(Quick note: I’m not saying these are worthless (they are typically quite worthwhile, but they shouldn’t be emphasized or used as a benchmark by which to judge quality).

  1. Soreness

Soreness happens.  This is part of training.  I don’t want to go into why it happens but it’s not in and of itself a bad thing or a good thing either, it’s really just a thing.  If your coach/trainer/friend/whatever has ANY idea of what they are doing they should know how to make you sore.  I’ll give you a hint, it’s all about eccentrics (or in layman’s terms: the lowering of thigns).  Ever notice when you’re super sore that it’s really hard to go down stairs or sit down in a chair?  But it’s nowhere near as bad standing up?  Right, that’s eccentrics.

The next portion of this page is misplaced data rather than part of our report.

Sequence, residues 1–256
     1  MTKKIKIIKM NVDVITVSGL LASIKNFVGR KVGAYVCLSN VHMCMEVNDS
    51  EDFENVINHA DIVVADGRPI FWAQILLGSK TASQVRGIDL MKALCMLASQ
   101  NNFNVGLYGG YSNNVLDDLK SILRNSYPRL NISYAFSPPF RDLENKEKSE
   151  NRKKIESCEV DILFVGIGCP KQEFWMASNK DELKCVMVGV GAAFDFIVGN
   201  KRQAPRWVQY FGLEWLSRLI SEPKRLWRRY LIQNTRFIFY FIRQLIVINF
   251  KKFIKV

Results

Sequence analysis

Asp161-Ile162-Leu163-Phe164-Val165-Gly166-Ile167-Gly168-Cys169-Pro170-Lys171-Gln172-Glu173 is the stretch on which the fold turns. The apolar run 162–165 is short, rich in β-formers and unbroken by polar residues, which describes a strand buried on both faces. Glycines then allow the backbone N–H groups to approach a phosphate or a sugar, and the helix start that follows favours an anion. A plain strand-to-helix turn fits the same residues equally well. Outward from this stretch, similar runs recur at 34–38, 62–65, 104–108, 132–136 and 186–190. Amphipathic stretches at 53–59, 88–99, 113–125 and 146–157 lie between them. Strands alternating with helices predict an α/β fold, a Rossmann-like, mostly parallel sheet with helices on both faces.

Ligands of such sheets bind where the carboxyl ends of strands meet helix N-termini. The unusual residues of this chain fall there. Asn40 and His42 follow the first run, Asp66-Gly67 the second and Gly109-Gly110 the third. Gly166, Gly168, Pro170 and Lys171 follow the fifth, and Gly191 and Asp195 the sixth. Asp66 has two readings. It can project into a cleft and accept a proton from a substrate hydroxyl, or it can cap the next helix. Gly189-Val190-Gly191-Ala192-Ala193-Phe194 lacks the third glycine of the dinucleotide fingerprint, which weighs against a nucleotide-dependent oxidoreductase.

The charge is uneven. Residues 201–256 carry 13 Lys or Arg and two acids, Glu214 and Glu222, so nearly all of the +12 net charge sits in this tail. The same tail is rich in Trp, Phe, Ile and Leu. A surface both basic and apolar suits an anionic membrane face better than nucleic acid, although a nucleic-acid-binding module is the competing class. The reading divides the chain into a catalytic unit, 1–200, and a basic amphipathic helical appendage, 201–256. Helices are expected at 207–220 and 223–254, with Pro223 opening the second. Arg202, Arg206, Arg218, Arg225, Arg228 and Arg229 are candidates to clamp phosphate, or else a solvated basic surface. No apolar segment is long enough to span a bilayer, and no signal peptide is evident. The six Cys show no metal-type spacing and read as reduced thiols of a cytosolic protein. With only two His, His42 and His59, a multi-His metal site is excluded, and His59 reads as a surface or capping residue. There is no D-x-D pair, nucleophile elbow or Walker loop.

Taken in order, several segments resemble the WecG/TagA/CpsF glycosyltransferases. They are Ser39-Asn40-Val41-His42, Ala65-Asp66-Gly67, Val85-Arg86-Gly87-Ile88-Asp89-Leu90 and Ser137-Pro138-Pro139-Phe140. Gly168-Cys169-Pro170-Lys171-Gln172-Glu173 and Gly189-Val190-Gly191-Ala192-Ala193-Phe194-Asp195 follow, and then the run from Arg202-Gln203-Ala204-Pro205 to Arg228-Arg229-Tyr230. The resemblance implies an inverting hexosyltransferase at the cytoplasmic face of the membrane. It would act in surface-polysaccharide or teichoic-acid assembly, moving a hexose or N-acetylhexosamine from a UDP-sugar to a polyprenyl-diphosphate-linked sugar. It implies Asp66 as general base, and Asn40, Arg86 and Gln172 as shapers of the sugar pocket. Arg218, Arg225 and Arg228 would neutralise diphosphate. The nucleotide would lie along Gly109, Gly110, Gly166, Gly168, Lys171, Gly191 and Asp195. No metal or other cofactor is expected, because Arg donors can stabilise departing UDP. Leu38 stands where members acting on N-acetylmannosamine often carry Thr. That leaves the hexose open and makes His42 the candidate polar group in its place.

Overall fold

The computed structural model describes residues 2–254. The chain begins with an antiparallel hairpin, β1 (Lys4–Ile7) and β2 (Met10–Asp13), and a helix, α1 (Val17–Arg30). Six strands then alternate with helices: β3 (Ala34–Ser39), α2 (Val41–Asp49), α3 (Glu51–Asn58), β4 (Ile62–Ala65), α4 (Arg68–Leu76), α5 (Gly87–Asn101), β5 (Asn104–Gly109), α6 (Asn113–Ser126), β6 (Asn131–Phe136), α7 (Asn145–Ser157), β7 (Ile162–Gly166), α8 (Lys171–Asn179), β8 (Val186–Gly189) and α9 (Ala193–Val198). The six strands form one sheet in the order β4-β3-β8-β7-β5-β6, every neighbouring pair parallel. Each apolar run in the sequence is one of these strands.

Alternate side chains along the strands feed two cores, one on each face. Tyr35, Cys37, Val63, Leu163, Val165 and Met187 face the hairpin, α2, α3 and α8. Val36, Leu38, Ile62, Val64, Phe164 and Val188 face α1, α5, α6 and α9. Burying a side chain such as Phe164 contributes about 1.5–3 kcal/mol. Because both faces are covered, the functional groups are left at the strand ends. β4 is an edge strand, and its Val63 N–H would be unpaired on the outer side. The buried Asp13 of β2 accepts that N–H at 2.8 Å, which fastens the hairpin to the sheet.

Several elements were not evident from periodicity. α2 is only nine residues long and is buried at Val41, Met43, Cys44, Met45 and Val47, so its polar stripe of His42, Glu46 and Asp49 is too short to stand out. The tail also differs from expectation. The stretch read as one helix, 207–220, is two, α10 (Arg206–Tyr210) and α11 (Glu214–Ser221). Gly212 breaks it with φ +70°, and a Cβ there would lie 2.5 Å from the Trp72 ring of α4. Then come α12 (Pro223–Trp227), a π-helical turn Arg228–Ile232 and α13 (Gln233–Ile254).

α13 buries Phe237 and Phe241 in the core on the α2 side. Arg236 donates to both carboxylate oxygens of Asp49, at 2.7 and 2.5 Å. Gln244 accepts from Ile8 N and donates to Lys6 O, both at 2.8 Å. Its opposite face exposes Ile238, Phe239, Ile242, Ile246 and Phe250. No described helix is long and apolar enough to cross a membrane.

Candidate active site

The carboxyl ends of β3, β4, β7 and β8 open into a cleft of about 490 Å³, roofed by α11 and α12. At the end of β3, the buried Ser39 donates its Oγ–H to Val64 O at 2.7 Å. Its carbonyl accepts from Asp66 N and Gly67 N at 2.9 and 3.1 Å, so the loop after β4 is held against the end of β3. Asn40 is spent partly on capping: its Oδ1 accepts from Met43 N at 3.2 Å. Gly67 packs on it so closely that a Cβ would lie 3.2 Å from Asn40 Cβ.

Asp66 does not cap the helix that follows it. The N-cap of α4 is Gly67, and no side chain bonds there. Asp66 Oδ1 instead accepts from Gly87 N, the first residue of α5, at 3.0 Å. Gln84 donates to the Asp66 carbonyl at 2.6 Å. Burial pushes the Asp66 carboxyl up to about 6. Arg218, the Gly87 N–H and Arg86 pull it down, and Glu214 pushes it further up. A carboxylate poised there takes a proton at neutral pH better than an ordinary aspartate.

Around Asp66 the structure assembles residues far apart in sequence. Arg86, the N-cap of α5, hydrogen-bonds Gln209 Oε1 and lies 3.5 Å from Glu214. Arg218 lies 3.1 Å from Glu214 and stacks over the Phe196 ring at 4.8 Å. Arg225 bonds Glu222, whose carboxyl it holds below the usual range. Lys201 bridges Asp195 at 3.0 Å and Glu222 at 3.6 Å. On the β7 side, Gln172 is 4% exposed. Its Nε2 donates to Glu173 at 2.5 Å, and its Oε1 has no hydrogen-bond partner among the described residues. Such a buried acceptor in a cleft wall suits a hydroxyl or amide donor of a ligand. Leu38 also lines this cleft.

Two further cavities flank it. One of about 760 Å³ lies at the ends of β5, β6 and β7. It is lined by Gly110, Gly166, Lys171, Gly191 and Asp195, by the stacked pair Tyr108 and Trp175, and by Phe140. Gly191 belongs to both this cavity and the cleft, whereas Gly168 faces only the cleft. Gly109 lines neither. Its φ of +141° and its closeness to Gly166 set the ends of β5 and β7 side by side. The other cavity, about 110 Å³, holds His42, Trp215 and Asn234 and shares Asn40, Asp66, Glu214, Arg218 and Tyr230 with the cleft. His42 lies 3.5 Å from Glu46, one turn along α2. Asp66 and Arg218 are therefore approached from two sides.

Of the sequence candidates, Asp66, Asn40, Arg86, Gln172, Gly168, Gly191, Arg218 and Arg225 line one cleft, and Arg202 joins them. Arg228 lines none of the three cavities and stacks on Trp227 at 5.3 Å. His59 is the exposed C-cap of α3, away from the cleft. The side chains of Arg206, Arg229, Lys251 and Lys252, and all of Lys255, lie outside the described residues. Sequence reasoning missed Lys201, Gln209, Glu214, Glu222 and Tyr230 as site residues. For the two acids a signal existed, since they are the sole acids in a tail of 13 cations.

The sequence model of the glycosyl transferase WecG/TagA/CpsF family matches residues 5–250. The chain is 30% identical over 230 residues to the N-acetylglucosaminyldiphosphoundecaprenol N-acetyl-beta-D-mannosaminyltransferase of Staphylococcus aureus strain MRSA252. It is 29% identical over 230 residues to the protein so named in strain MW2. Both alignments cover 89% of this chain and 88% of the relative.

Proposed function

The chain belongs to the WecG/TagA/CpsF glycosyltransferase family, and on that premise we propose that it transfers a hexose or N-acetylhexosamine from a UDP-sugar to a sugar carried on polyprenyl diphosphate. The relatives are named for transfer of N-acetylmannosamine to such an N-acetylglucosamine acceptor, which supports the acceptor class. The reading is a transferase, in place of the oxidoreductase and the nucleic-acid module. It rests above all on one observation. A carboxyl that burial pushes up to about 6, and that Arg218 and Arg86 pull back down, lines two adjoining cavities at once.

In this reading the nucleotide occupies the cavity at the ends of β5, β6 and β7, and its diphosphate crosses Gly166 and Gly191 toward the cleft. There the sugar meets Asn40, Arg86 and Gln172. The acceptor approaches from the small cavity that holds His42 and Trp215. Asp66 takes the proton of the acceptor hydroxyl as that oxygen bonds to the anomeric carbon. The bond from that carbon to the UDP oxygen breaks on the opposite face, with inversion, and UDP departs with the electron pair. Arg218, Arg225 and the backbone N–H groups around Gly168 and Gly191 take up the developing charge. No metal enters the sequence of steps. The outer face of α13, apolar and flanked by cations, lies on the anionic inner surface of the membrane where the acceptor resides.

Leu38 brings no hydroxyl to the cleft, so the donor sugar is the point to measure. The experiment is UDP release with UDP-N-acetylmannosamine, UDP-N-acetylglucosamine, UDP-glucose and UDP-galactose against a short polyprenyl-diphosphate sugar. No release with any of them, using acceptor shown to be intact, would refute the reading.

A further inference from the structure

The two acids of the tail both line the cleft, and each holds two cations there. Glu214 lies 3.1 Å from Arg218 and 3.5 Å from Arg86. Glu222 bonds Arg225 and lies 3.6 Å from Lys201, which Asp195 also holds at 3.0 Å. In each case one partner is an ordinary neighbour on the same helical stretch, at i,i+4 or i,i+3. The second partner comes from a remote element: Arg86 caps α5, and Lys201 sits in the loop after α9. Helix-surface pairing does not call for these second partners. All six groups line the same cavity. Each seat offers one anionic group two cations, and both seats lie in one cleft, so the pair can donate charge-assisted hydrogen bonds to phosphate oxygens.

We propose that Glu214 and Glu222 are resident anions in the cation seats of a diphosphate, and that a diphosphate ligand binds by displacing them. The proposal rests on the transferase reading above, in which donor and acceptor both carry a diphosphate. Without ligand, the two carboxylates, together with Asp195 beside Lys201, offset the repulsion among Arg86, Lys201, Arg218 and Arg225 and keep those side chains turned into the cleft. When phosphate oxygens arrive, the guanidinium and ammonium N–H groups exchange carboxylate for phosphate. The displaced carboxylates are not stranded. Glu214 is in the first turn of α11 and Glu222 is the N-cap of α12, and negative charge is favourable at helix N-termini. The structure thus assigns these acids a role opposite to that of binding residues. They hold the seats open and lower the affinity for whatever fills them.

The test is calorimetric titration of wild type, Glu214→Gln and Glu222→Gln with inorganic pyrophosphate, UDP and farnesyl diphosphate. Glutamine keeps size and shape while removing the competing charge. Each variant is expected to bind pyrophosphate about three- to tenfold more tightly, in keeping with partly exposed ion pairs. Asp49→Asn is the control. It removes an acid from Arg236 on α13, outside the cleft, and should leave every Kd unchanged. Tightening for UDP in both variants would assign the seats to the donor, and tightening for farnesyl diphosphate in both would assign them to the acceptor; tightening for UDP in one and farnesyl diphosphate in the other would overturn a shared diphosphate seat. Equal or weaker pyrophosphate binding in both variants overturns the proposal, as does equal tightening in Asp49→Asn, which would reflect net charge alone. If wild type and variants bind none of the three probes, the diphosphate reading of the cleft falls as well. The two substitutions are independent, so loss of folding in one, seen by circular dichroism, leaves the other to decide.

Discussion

But this isn’t common knowledge.  I can’t even remember how many times I’ve heard people judge the efficacy or expertise of a coach by how sore their workouts make them.  If that’s what you like and you’re being safe and having fun; I say mazel tov.  But it’s just not a good benchmark towards getting better.  I think most Fool’s Gold Trainers know that’s what people think and go out of their way to make that first workout so punishing the person walks away crippled.  I think it’s a subtle way of going “wow look how out of shapeyou are, that crushed you, if you want any hope of being decent you better come back to me.”

I actually tend to go the opposite route for most people.  I want them to feel like they can do it and that they can come back for more.  Of course I want them to feel like they worked hard (because if they worked with me I guarantee they worked hard) but I don’t want them to feel obliterated.